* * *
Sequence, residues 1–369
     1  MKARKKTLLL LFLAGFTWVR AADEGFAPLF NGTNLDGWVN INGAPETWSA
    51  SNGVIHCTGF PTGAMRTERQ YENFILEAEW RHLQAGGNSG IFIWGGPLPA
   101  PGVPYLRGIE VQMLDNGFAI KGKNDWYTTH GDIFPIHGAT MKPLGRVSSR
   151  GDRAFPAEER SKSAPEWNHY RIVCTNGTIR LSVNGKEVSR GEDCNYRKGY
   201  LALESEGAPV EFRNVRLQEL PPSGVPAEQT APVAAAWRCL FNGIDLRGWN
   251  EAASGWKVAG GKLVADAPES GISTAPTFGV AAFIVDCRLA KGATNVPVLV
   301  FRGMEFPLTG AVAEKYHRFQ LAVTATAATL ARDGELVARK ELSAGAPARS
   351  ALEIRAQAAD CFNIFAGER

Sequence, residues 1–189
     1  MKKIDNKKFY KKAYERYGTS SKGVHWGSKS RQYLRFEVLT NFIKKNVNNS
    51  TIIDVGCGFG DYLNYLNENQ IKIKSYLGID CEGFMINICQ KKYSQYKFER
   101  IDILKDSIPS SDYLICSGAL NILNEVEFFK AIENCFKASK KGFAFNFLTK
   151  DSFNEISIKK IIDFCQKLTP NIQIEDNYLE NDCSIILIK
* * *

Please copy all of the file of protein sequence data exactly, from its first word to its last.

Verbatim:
Sequence, residues 1–369
     1  MKARKKTLLL LFLAGFTWVR AADEGFAPLF NGTNLDGWVN INGAPETWSA
    51  SNGVIHCTGF PTGAMRTERQ YENFILEAEW RHLQAGGNSG IFIWGGPLPA
   101  PGVPYLRGIE VQMLDNGFAI KGKNDWYTTH GDIFPIHGAT MKPLGRVSSR
   151  GDRAFPAEER SKSAPEWNHY RIVCTNGTIR LSVNGKEVSR GEDCNYRKGY
   201  LALESEGAPV EFRNVRLQEL PPSGVPAEQT APVAAAWRCL FNGIDLRGWN
   251  EAASGWKVAG GKLVADAPES GISTAPTFGV AAFIVDCRLA KGATNVPVLV
   301  FRGMEFPLTG AVAEKYHRFQ LAVTATAATL ARDGELVARK ELSAGAPARS
   351  ALEIRAQAAD CFNIFAGER

Sequence, residues 1–189
     1  MKKIDNKKFY KKAYERYGTS SKGVHWGSKS RQYLRFEVLT NFIKKNVNNS
    51  TIIDVGCGFG DYLNYLNENQ IKIKSYLGID CEGFMINICQ KKYSQYKFER
   101  IDILKDSIPS SDYLICSGAL NILNEVEFFK AIENCFKASK KGFAFNFLTK
   151  DSFNEISIKK IIDFCQKLTP NIQIEDNYLE NDCSIILIK